The Violet Fern

Creating Art & Gardens


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What’s Blooming: Meltdown

As I walk around the house this morning I remember, it’s Garden Bloggers’ Bloom Day, hosted by Carol at May Dreams Gardens each month. Hmm, do I have anything blooming? The Poinsettia still looks beautiful. Just as fresh as it did in early December but I want to see something different – ditto Christmas Cactus, Paperwhites – compost. My violets were blooming! Ah, but now they aren’t quite. My orchids look better, seem to be adjusting to their new space but not yet sending up any spikes. The Amaryllis Evergreen is growing but not fast enough.

So, I walk outside on the now frozen oozes of mud preface of our January meltdown, with snow in the forecast once again. Around the not blooming garden, I puff in the crisp morning air and register ah ha, but there is blossoming beauty to behold. What do I see? Tanned husks, pale plumes of Miscanthus ‘Morning Light,’ petrified embers of Panicum ‘Dallas Blues’ remarkably standing tall, blossoming in spite of the once heavy snow load.

Morning Light Plumes

Dallas Blues Blooms Jan

Garlic Chive umbrellas alight over evergreen Germander.

Garlic Chive Seeds

Dripping color – rosy red and dark violet prunes of rose hips.

Rose Hips Jan

Spongy pinks and delicious, peachy tones of Heuchera ‘Caramel’ soaking in the sun.

Heuchera 'Caramel' in Jan

A lily pod dripping gold.

Lily Pod

Clusters of veined Maple butterflies resting their wings.

Maple Seeds

A lone Hydrangea Snowball tumbling over a stubborn patch of snow. Can you hear the whistling wind?

Dried Hydrangea Bloom

Winter is knocking again, but I dream of Summer, happy hour in my secret garden spot – my mental meltdown preventative. What will bloom (or will I go boom) come February?

dreamingofspring

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Two In A Dozen For Diana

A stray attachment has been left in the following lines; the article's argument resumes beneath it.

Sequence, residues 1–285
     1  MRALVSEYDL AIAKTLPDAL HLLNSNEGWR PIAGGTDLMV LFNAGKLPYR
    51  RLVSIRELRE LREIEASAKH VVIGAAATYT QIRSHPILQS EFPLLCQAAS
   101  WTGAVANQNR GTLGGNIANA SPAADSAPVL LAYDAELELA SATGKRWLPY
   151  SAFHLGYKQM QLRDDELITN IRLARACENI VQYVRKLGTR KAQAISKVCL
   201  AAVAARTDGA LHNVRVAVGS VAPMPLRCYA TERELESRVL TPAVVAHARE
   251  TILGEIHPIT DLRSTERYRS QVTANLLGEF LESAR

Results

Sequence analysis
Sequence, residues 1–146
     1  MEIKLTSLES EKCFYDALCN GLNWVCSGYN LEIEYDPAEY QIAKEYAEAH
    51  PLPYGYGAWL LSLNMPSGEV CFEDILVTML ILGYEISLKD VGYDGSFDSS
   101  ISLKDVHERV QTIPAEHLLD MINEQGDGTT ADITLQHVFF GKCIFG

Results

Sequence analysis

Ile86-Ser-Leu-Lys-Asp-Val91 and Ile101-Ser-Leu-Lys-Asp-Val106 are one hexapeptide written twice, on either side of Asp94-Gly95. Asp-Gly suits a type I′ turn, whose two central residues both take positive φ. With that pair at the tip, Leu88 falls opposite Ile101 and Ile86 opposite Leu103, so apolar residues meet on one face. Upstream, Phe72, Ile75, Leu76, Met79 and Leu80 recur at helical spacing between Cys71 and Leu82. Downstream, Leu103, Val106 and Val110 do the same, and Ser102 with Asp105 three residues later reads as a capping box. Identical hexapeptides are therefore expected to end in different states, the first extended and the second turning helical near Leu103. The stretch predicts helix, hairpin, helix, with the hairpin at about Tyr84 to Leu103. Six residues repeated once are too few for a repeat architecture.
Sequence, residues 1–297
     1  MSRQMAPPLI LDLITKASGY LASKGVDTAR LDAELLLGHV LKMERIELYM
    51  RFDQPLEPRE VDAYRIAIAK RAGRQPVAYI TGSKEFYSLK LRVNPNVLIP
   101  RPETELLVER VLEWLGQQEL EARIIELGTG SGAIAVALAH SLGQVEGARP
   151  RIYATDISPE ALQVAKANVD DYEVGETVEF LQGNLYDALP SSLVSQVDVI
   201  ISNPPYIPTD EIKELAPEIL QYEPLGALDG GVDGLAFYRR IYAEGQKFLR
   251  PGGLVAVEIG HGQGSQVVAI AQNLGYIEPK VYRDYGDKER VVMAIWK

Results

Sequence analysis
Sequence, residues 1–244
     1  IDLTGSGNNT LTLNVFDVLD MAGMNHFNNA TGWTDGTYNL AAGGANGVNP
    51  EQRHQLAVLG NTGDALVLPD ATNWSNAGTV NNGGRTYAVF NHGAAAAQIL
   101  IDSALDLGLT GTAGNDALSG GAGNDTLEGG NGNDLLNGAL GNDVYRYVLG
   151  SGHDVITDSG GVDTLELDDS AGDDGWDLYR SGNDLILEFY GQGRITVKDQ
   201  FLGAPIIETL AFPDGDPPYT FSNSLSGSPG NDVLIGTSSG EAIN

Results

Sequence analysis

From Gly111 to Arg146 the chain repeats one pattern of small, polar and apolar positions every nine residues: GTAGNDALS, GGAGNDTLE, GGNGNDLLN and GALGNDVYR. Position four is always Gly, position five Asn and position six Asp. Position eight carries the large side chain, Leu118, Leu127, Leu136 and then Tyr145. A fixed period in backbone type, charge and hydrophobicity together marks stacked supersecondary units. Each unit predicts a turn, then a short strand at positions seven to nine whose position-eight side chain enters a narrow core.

I am joining Diana of Elephant’s Eye in choosing twelve months of my favorite garden plants. In this month of February, I am feeling “pink love”, dark chocolate, and … Roses! Not a dozen dying red roses in a vase (my Valentine knows to give me live flowers), but roses in the garden. What could be more romantic? I always felt my garden would be incomplete without at least one rose, but ah hem haw, I had never grown roses. I don’t use chemical fertilizers or pesticides or sprays – roses require such things don’t they? No! So, there’s no excuse not to include a rose in this garden of my twelve favorites. I decided on two native, wild roses to add to my garden and I would recommend both to anyone who fears “high maintenance roses” and who likes to garden on the wild side.


I planted a Swamp Rose, Rosa Palustris, along the edge of my Potager where the soil tends to stay moist. This rose has grown substantially in just a few years from bare root. It has put forth suckers but they are easily dug up. Never one to pass up a new plant, I have begun a mini rose hedge/border.



Along my “classic” chain link fence garden feature, I planted a Climbing Prairie Rose, Rosa Setigera. This rose puts that fence to shame as it should be. It grows alongside our new covered back porch so I can really enjoy its fragrance and blooms. Every now and then I redirect the canes to follow the fence line.





Aside from romantic blooms and perfumed summer nights, roses also offer interest in Fall and Winter. Yellow-orange leaves in Fall stand out against darkening skies. In Winter, rosy red hips brighten snow and ice.



Roses are also pollinator friendly and fruit loving birds such as Robins will eat the hips. I know my Leafcutter Bees use the leaves for their nests as evidenced by their nearly perfect, circular cut outs. What’s not to love?

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Going Native: Swamp Rose

I planted a Swamp Rose, Rosa palustris, last spring of 2010 along the bed that parallels my potager. It is planted in an area that receives full sun. The soil is clay but is very wet in spring and after heavy rains. It is considered a shrub rose and should grow to be about 6-8′ tall. It’s habit is upright with bushy-branched, thorny stems. In just one year it has bloomed!

I have never grown roses before and figured it would be good to begin with wild roses, although I don’t do anything for this rose. I am amazed at its growth in spite of my neglect. I have some suckering shoots that I may try to transplant in other areas of my garden to see how it does. I prefer the open blooms of wild roses and I felt that my garden would not be complete without a rose, or two, or maybe three … They smell good, really good.

There’s lots of insect activity. In the evening the petals close up. This morning I witnessed an impatient bumble bee force open the closed petals to get inside. This rose should also produce hips which I will leave to overwinter for the birds, and because their bright red color will be pretty dusted with snow. Oh, did I mention the leaves turn a brilliant red in the fall? I am very happy with this native addition to my garden – you might be, too.